“‘They gave it me,’ Humpty Dumpty continued thoughtfully, as he crossed one knee over the other and clasped his hands round it, ‘they gave it me–for an un-birthday present.’
‘I beg your pardon?’ Alice said with a puzzled air.
‘I’m not offended,’ said Humpty Dumpty.
‘I mean, what IS an un-birthday present?’
‘A present given when it isn’t your birthday, of course.'”
-“Through the Looking Glass” by Lewis Carroll
Recently, when I was trying to brainstorm some ideas about articles on birthday parties, it occurred to me that in general, most birthday party planning tactics had already been covered in articles around the web. So, I thought, what if I were to go in some other direction- like for instance, un-birthdays.
What is an un-birthday, you ask? Well, it’s one of the 364 days a year that aren’t your birthday of course. Everyone has them, but few celebrate them. The concept, of course, comes from Lewis Carroll’s Through the Looking Glass, more popularly highlighted in Disney’s animated feature Alice in Wonderland. It’s a concept that could be adapted to allow children to become interested in a piece of classic literature in an interactive fashion, as well as (for smaller children) learn about how Birthday parties are organized- by planning one for each other.
Birthdays come but once a year, and outside of Christmas or Halloween, it’s hard for kids to find an excuse to have a party in the summer months if most people they know have birthdays in the fall or winter. I grew up having a birthday at the end of October, so naturally my birthday parties as a child were always Halloween or autumn themes, as opposed to being able to have a pool party or a BBQ. Anybody that’s ever had a birthday right near a holiday, or during the winter probably knows that your options can be severely limited. So have a party anyway, just for the heck of it.
So one theme that could be novel is an ‘un-birthday party’. Have a birthday party, but with no particular person in mind (or to celebrate someone’s birthday at a different time of year). Include all of the typical makings of a birthday party- cake, hats, decorations, and treat bags- but have the kids draw names out of a hat and exchange ‘un-birthday presents’ and cards.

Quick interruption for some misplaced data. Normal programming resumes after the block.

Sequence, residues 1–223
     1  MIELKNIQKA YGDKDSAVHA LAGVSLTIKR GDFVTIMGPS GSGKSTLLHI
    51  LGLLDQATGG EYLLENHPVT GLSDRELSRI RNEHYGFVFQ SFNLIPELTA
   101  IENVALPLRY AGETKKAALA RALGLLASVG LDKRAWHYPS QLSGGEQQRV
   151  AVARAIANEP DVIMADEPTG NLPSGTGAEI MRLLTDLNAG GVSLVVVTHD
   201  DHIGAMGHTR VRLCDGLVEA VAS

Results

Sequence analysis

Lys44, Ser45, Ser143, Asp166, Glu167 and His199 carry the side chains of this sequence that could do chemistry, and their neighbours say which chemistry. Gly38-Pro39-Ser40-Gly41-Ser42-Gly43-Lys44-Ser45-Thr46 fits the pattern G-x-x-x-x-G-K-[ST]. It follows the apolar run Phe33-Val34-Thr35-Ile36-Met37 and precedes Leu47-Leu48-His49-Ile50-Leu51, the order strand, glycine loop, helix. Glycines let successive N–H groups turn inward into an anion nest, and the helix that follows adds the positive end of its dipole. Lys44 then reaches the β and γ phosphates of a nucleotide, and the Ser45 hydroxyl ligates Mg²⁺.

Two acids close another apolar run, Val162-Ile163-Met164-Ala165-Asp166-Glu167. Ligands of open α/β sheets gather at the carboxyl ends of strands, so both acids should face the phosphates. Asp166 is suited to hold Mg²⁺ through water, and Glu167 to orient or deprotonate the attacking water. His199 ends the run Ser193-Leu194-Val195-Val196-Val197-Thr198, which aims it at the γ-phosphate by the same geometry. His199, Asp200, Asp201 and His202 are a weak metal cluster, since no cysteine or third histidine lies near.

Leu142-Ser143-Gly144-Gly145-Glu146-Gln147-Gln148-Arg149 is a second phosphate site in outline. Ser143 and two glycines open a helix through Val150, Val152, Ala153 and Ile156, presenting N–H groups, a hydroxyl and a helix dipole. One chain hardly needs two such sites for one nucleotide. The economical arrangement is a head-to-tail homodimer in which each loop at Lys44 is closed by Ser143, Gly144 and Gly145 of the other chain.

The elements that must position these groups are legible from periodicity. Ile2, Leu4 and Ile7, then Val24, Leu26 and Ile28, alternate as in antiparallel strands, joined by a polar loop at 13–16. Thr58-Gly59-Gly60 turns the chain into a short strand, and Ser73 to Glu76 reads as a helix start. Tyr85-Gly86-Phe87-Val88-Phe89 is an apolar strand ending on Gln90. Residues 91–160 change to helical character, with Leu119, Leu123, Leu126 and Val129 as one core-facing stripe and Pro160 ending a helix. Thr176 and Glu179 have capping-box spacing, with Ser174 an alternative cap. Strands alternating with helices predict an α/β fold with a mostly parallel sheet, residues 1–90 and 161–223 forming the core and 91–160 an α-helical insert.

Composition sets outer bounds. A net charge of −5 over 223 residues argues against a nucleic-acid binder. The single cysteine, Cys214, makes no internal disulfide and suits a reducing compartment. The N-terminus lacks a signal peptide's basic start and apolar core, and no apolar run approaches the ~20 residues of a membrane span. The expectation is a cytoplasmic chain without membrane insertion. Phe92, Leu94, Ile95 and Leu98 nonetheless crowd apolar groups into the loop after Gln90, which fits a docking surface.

Since the birthday party wouldn’t be focused on anyone in particular, it could be a great opportunity for a class or group of kids to collaborate on what they want at the birthday party. Every child can contribute something, and be creative about it.
Here are a few possible suggestions:
In advance, have the children collaborate on what sort of decorations/birthday party theme they want- make sure that each child has a say, and contributes some creative suggestion to the birthday party planning. This could be a valuable exercise in collaboration, especially if they’ve never planned anything together before.
Have cupcakes instead of a regular cake. Even better, have the children make the cupcakes themselves, and decorate them. Put a birthday candle on each one.
Teach the kids how to do birthday party related things like making balloon animals. Maybe bring in a professional clown or someone who is experienced enough to teach them something small and easy.
Have each child bring one type item to put in the treat bags. This can include anything from toy jewelry, to whistles to candy, as long as there’s enough for everyone to have one in their bag.
The bottom line is to be creative- it’s fun to do something a little bit different once in a while, and the more you can laugh while planning a birthday party, the better. Endorse an attitude of general silliness. Hell, I think I might even try this, and I’m an adult!